But New York, like many other locales around the country, faces a teacher shortage. And when new teachers come on board, they don’t always stay long. Unlike in many other cities, Black teachers in NYC do not leave at the highest rates. Even so, retention is a problem as “after three years, 30 percent of new White teachers left the district, [and] approximately 25 percent of Black and Hispanic hires” do, as well (Albert Shanker Institute, 2016). Different people and cultures have differing reasons for leaving, but very often the high attrition rate for Black teachers is due to school and school system culture, policies, processes, etc. that do not fully support them (Kini & Podolsky, 6/16).

Given that many times inexperienced teachers are thrust into schools with many students of color, an equity problem arises. Students of color “are three to four times more likely to attend schools with higher concentrations of first-year teachers than White students.” Experienced teachers also positively affect student outcomes and other factors such as attendance (Kini & Podolsky, 6/16).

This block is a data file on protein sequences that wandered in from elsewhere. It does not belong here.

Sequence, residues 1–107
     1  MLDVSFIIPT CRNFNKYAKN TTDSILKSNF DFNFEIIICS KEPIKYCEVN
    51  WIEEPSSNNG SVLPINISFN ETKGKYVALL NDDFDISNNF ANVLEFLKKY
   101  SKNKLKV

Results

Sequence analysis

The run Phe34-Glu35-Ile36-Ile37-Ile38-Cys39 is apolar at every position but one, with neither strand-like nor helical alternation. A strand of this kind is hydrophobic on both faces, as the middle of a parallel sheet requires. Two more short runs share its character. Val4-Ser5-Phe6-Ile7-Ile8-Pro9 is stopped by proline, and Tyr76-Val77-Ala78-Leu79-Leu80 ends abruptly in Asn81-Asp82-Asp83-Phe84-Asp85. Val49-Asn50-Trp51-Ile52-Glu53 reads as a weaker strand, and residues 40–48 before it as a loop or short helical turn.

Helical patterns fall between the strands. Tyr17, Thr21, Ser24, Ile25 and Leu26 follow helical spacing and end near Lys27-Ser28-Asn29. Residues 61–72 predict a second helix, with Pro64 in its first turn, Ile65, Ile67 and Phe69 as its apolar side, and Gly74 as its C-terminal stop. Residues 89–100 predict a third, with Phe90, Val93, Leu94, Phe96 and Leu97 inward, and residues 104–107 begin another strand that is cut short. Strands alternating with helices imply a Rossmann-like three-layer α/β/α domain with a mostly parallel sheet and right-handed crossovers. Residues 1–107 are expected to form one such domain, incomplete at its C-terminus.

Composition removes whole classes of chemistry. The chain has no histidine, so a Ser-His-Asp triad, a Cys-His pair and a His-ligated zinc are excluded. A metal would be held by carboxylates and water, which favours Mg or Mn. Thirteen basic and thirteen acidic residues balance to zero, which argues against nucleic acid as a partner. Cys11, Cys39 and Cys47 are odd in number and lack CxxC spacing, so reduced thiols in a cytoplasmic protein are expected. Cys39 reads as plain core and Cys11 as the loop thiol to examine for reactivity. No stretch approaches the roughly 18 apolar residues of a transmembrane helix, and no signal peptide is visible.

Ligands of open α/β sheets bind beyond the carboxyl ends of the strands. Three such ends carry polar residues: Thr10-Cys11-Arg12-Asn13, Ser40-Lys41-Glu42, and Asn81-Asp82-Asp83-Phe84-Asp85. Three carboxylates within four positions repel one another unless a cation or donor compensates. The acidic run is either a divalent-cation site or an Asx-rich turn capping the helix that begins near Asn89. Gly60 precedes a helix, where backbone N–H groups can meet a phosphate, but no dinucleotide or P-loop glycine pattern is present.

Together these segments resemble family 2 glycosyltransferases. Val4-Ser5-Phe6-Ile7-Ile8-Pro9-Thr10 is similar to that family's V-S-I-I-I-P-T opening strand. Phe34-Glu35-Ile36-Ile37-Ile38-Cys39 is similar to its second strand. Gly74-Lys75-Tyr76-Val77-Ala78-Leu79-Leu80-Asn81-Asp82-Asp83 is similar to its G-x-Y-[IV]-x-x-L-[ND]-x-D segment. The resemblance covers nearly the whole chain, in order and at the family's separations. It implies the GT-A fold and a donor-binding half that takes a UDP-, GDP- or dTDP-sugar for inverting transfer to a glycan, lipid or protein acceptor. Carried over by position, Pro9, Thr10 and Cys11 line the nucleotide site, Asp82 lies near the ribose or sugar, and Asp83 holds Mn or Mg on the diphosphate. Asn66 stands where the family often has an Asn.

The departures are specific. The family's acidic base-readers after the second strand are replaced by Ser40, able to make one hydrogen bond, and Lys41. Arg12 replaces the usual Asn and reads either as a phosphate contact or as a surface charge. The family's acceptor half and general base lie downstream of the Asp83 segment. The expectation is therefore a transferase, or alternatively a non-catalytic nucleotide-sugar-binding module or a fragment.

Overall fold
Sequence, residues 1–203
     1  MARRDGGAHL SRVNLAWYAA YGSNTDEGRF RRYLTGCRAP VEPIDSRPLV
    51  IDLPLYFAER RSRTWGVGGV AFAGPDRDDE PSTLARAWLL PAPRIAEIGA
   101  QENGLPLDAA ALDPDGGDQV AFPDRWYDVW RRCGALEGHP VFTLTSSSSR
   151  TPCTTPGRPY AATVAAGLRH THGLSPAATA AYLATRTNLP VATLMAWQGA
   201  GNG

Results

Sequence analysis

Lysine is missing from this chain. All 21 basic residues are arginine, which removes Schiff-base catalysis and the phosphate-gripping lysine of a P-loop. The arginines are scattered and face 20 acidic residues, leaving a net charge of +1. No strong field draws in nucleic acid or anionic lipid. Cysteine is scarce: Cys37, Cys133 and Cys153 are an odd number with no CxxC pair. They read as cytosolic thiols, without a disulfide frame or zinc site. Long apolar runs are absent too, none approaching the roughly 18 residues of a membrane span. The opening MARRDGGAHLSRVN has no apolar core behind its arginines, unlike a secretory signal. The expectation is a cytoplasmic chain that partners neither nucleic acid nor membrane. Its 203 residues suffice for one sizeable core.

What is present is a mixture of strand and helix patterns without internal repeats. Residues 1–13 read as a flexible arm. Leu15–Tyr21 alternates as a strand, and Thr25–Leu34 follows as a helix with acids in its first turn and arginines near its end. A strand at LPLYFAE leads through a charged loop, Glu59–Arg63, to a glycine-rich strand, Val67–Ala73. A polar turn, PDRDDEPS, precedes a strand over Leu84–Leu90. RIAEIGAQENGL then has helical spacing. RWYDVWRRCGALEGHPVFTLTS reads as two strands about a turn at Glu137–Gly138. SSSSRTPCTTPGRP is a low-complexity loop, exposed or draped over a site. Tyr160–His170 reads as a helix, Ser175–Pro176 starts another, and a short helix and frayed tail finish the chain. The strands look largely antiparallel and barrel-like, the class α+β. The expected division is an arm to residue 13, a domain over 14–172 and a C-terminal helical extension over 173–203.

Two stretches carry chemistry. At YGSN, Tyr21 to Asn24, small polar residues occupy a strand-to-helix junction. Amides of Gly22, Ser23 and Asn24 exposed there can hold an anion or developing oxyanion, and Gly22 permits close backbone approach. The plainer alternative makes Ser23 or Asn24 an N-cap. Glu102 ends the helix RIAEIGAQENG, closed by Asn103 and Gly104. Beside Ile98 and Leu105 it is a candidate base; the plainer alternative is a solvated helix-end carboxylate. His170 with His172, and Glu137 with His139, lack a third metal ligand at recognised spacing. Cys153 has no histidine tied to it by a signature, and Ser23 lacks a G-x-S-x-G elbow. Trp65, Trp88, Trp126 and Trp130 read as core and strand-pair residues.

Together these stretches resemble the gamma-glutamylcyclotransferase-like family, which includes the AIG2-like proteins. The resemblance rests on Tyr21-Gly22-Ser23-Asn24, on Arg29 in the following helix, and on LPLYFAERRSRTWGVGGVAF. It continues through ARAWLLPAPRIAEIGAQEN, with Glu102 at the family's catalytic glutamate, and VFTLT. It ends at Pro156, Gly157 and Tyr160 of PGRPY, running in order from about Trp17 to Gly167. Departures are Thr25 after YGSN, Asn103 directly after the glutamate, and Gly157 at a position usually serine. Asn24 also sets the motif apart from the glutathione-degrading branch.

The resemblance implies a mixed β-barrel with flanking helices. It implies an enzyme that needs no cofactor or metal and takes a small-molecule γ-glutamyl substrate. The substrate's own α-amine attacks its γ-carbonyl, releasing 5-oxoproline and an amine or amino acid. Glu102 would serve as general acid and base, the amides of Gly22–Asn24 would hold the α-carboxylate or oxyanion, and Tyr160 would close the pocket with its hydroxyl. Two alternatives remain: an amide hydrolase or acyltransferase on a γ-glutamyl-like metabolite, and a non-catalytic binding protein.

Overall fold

The lack of support many Black teachers feel also affects student outcomes with research showing “that teachers’ rate of improvement over time also depends on the supportiveness of their professional working environment” (Kini & Podolsky, 6/16). We believe that one of the most effective ways to recruit and retain effective Black teachers is to foster and maintain a work environment that authentically values them, focuses on their development, and empowers them.